The following is a guest post by Kyle Shike and originally appeared on his blog. Kyle is currently in the Ruby-003 class at The Flatiron School. You can follow him on Twitter here. The use of convention in the programming ethos is a pretty remarkable thing. It exists outside of the ruthlessly binary computing process, and it ultimately […]
The following is a guest post by Kyle Shike and originally appeared on his blog. Kyle is currently in the Ruby-003 class at The Flatiron School. You can follow him on Twitter here.
The use of convention in the programming ethos is a pretty remarkable thing. It exists outside of the ruthlessly binary computing process, and it ultimately is what makes any sort of code legible to human eyes. With the exception of a few outliers, the line breaks, the indentation, the question marks and exclamation points (the last two are Ruby) function to make code legible to us people -the computer could give a damn about it. The convention of giving variables or methods names that are reflective of their purpose is here again, unessential so far as the computer is concerned. One could describe an iteration through a hash as
and it would print an accurate description of the contents of said hash, but such a block is not only absurd, but is actually harmful to coding.
When building a house with a wooden frame, it is convention to place your studs every 16” on center, and altering number would pretty inconsequential. I knew a guy when I was in the trades who would intentionally nail them off at anywhere from 14” to 20” at whim, without much of a care in the world.
“What?” he would almost sneer, “it’s not like it actually makes a difference.”
But it felt to me to be almost a moral offense, and this guy most certainly made the next person’s job a whole lot more difficult.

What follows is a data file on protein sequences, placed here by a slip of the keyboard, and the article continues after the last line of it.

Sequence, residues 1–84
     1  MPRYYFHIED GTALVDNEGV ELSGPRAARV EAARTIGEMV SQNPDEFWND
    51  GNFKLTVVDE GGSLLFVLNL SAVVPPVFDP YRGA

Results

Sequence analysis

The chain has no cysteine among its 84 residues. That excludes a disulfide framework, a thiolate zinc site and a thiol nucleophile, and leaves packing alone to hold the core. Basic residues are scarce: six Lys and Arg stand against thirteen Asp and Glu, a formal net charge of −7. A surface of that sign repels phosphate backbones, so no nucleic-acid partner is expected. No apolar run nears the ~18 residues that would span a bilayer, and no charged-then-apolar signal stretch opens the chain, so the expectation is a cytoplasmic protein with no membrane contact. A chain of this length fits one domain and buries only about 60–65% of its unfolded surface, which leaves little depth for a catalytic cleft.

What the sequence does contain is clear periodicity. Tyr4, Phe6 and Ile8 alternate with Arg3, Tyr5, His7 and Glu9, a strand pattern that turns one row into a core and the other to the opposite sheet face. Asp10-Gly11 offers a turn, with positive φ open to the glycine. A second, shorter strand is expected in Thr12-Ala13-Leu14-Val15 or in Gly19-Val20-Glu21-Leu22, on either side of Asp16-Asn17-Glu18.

The thing is there is something like selflessness that occurs in the use of convention. It is to acknowledge that what you are doing is not just for you at this very moment, nor is it simply giving a computer something to think about for a bit of time when programming (it’s amazing how fast computers are, isn’t it?) but that you are writing your code for other people, from now and onward. Matz said that he created Ruby to be a language to make programmers happy, and what I’m talking about isn’t so far from that. A program with well-described sytax is an approachable program, and an approachable program is like a comforable pair of shoes, which is something that certainly makes me happy.
The fact is that nothing exists in a vaccuum, and especially not coding. Convention is what makes it possible for millions (billions?) of people to collaborate within a medium of abstracted binary sequences and for it to actually make any sense at the end of the day when you put it all together. It is to think of the others that will come to what you have done, and to code with them in mind as well as creating a functional computing process.
Convention is what makes the internet possible. It is HTML as the universal language of webpages, and the call-and-response process of HTTP protocol. The millions (billions?) of servers in the world are all tuned in the exact same way and because of this we are connected across this entire planet.
Convention allows for collaboration, which in turn allows for truly incredibly things that are not otherwise obtainable, and in this way it ceases to merely be a habit or nice gesture but anessential component to computer programming.
However it is worth noting that just as there are no true vaccuums, nothing is truly absolute. Just as it was in poor choice to for the builder to nail off his studs as chaotically as he did, the convention of lead paint and aesbestos insulation were also poor choices.It seems to me that dissent from convention is every bit as essential as adhering to it can be, and that the two exist in unison without paradox. It is from dissent that new languages are born and innovations are made. Both have their function in any collective human endeavor.
Disclaimer: The information in this blog is current as of 22 October 2013. Current policies, offerings, procedures, and programs may differ. For up-to-date information visit FlatironSchool.com.
Posted by Flatiron School / October 22, 2013
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